Posts Tagged ‘ Buffy the Vampire Slayer ’

Bewitching Halloween Baby Names for Girls

Tuesday, October 29th, 2013

This really must be the season of the witch—there’s two great witchy new shows, The Witches of East End and American Horror Story: Coven—and now there’s even talk of a Charmed reboot. The cool thing is that many of these witchy characters come with enchanting names that might be worth considering for your daughter.

Fiona is an Scottish name currently worn by the Witch Supreme in American Horror Story: Coven (and played by the ever-amazing Jessica Lange). It means white or fair—though the current Fiona is hardly a white witch. The name’s been on a slow but steady rise since the early 1990s, and currently is nearing the 200th spot in popularity for girls.

Willow’s one of the coolest witchy characters, courtesy of Buffy the Vampire Slayer. She’s Buffy’s adorably nerdy best pal who dabbles in witchery, until a tragic death makes her go to the dark side. Willow’s an up-and-coming nature name, currently at #171 for girls.

• If you love Harry Potter, odds are good you love one of two witches featured in the story—Hermione, his brilliant BFF, or Luna, the offbeat pal who joins the crew to help defeat Voldemort. Hermione, which means messenger, still hasn’t broken into the top 1000, but not long after J.K. Rowling introduced Luna to the world, the name took off—it went from #890 to #223 in less than a decade.

• Truth be told, I haven’t had a chance to catch Witches of East End yet, but I’m loving the name Freya. It’s a Scandinavian name that means noble, and was also used for Merlin’s love interest on the BBC’s show.

Wicked turned Glinda the good witch into Galinda, which I like a bit better. No word on the meaning, but I’m guessing it’s something like beautiful, given the “Linda” at the end.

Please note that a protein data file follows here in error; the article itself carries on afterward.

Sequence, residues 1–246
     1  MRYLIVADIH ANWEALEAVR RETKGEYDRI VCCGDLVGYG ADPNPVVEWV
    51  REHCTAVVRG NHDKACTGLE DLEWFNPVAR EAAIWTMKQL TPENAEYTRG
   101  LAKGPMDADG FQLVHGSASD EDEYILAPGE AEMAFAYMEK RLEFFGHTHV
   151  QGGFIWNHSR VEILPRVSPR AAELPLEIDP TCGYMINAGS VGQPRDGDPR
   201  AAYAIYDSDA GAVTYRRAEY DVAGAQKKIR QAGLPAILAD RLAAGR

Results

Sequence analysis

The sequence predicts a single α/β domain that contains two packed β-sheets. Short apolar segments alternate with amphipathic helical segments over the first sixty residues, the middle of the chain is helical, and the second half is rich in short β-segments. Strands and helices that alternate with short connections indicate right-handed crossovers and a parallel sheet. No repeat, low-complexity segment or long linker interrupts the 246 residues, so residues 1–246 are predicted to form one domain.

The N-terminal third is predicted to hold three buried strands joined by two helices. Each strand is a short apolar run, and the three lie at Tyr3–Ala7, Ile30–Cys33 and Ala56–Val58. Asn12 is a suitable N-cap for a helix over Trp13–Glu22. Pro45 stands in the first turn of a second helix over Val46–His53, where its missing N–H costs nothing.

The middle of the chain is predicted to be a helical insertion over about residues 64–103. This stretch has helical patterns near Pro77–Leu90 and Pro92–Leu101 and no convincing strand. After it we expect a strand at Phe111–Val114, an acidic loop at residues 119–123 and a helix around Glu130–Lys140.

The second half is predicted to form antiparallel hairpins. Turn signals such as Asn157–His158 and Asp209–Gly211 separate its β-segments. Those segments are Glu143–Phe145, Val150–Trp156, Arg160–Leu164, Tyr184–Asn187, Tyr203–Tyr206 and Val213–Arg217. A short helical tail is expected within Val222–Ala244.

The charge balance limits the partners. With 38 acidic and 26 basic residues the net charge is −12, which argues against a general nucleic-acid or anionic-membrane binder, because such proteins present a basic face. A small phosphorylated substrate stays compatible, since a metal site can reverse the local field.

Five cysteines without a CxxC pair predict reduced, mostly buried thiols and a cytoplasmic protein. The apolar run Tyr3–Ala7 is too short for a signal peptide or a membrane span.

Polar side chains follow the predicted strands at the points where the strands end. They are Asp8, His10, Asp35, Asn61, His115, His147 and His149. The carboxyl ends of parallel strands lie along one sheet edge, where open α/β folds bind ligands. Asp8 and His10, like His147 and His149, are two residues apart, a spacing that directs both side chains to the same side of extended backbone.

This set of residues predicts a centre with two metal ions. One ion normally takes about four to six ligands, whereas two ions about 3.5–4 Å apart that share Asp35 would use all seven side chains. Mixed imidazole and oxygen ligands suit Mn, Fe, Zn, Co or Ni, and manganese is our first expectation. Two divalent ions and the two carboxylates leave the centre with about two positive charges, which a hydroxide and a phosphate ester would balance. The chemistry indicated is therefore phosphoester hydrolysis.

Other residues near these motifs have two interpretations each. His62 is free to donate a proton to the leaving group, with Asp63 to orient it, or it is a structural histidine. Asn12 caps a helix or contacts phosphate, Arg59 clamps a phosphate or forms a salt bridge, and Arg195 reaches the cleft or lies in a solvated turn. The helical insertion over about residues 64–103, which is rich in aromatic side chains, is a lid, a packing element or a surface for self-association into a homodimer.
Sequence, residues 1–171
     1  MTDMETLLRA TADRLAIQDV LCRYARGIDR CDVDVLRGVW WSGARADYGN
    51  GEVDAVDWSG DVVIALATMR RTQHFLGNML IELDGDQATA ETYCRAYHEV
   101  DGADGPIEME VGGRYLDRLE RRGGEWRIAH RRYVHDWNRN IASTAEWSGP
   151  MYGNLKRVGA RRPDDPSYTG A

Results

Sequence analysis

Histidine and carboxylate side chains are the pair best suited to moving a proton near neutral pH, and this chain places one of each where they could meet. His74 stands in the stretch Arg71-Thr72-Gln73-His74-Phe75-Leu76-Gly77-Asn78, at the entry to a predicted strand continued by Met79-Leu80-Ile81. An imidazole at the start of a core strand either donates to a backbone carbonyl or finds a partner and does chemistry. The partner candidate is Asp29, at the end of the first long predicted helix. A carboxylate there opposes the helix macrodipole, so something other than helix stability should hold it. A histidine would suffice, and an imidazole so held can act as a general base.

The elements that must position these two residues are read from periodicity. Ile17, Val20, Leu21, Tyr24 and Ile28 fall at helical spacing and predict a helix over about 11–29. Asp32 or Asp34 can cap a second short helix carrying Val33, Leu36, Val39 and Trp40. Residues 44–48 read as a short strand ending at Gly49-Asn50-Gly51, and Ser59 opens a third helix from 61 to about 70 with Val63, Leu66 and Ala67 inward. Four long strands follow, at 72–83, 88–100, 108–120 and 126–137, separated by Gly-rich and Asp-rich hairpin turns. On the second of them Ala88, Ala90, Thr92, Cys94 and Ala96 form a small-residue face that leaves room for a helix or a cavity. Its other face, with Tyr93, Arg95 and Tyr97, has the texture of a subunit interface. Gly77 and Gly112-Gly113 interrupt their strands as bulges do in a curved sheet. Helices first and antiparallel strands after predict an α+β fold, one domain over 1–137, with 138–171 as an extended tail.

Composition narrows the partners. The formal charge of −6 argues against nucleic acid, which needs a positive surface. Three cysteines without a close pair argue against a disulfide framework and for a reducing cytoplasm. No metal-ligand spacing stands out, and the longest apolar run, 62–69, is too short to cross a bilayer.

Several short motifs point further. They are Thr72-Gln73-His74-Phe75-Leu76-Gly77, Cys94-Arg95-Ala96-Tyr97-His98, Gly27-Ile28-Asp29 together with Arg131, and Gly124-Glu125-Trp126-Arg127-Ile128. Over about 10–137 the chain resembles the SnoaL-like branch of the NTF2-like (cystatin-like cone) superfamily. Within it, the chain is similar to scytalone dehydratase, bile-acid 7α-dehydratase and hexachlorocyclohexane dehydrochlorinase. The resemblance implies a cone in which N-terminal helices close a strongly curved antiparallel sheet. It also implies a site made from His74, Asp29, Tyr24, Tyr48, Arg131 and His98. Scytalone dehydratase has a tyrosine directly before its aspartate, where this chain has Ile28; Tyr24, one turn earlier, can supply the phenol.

Phoebe was Alyssa Milano’s witchy Halliwell sister on Charmed. It means “shining one,” and it’s currently #303 in popularity here in the U.S.

Sabrina was a Celtic goddess long before she was the teenage witch of 1990s sitcom fame. The name is currently #275 here in the U.S.

• Some might call Fleetwood Mac’s Stevie Nicks one of rock’s most bewitching singers, but her song Rhiannon was about a truly bewitching character from Welsh legend. The name means “divine queen,” and it was red hot after the song came out—but it dropped out of the top 1000 names back in 2008.

Anne Rice may be known for her vampire novels, but she also wrote a witch series with a clever heroine, Rowan Mayfair. Rowan is a Scottish name that means red-head, and it’s just about to crack the top 300 in the U.S.

What cool witchy names did I miss? Share your favorites in the comments. And if you want to find out more about a baby name you like, check out our Baby Name Finder!

P.S. Don’t forget to like In Name Only on Facebook to keep up with the latest in baby names!

Image: Witch baby by Hannamariah/Shutterstock.com

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Buffy the Vampire Slayer’s Influence on Baby Names

Wednesday, May 22nd, 2013

It’s been exactly a decade since Buffy staked her last vampire on network TV. But you can see the influence of Joss Whedon’s most popular creation, Buffy the Vampire Slayer, in more than just TV shows like Vampire Diaries and True Blood—you can see it in the rise in popularity of a few key characters’ names. Nameberry’s had a whole series of articles about Joss’s naming prowess—and a lot of debate about whether people would pick some of the more controversial names (i.e. Spike). I admit that Xander was tops on my list, if we’d had a boy instead of two lovely ladies. Check out what became of these names after the show ended.

Buffy If a kick-ass vamp slayer like Ms. Summers can’t resurrect Buffy from the dead, nothing will. And though she saved the world (a lot), she wasn’t able to save her name from remaining at the bottom of the heap. Buffy is among the goofiest nicknames for Elizabeth.

Angel Buffy’s true love—a vampire with a soul—gets the deep name of Angel. The name was on an upswing before the show even aired, but it’s been a consistent top 100 choice ever since.

Willow The nature name Joss chose for Buffy’s geek-chic best friend (and future most-powerful-witch-in-the-universe) was barely in the top 1000 when the show started, and now is continuing its rise, currently ranking as the 171st most popular name for girls in the U.S. (You can also thank Will and Jada Smith, who picked it for their daughter during this same timeframe.)